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Tips on staging a dining room to impress buyers

Adrian Bryce Diorio changed the direction of the table, so the dining area flows into the living room, making the most of an underutilized open floor plan.
Adrian Bryce Diorio changed the direction of the table, so the dining area flows into the living room, making the most of an underutilized open floor plan. (Adrian Bryce Diorio for The Boston Globe)

What is home staging? It is the art of restyling a residence or commercial space for sale. Your home gets one lasting impression, so make it count.

The ultimate goal is to make the space appealing to the highest number of potential buyers, thereby selling a property more quickly and ultimately for more money — in many cases at least 20 percent higher.

Like most homes, small or large, life gets in the way of portraying a picture-perfect interior. That’s where I come in.

Let’s focus on the dining room of a property that had the bones (it sold with multiple offers over the asking price after the first open house) but needed the look.

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First, I removed the tablecloth. For the record, tablecloths are rarely used these days unless you’re dining at a Michelin-starred restaurant, and in that case, they must be a crisp white. Tablecloths were originally used to protect expensive tabletops from scratches.

I digress only to ask what’s the point of having the table in the first place if you’re going to cover it up? Your furniture is a main highlight of your home: Showcase it, don’t hide it.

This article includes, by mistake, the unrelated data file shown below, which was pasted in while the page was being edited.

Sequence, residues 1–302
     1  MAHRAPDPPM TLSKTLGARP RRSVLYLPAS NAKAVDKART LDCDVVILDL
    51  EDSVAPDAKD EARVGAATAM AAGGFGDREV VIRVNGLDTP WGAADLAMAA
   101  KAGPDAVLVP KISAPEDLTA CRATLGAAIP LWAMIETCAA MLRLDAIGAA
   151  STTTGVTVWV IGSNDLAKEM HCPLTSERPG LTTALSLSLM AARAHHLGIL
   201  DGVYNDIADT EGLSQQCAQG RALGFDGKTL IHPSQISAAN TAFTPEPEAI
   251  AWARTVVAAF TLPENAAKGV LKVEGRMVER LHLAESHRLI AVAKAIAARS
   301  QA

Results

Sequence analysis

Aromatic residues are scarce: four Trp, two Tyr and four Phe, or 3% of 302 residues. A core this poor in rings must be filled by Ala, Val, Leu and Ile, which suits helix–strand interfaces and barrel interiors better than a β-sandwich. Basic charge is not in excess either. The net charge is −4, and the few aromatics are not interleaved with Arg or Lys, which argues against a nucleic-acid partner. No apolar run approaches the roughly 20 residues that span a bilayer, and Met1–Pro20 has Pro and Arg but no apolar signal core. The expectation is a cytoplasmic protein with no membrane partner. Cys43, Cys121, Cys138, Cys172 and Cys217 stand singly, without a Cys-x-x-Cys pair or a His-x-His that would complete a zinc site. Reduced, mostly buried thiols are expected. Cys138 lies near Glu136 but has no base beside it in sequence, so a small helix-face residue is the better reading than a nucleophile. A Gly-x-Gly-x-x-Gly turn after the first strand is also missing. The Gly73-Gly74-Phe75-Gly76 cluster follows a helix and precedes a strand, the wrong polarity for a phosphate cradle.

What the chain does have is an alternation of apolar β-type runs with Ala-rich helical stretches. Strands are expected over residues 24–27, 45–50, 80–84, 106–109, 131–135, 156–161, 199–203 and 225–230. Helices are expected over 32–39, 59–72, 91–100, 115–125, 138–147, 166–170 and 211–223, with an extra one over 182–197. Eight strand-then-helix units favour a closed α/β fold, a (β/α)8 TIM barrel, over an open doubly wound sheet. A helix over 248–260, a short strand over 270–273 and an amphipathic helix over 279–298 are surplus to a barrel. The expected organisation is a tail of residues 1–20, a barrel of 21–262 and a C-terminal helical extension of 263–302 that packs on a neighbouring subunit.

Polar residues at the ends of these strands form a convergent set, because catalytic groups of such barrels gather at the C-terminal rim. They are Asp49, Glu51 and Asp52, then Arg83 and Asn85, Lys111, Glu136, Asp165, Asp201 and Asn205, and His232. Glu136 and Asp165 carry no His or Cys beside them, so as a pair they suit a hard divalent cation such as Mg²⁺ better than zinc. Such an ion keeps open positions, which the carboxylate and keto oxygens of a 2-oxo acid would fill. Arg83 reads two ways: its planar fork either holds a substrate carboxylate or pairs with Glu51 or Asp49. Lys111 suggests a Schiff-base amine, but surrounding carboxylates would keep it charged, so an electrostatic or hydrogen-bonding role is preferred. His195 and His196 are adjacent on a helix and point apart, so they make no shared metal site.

Second, I rotated the table. By doing this I created a much larger, focused dining area and could add a small china cabinet (previously in a bedroom) to the left of the window. I was now able to showcase the Waterford crystal I found in the basement.

Because of a change in the table’s direction, the dining area flows into the living room, making the most of an underutilized open floor plan. With this opportunity, I was able to accommodate statement side chairs with nailheads on either side of the living room entryway, giving the space the complete dining room appearance it was lacking.

This once unassuming dining room now turns heads — in more than one direction.

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Remember, your table appreciates being set.

I have always kept my tables set as if I were expecting a dinner party for the president. Don’t hide your china, silver, and crystal. They don’t belong in the attic or basement. Use them!

The before photo of this dining room. Diorio ditched the tablecloth in addition to all the other changes.
The before photo of this dining room. Diorio ditched the tablecloth in addition to all the other changes.(Adrian Bryce Diorio for The Boston Globe)

Adrian Bryce Diorio is the managing principal of Art of Staging Inc. Send questions to Address@globe.com and follow him on Instagram at @artofstaging.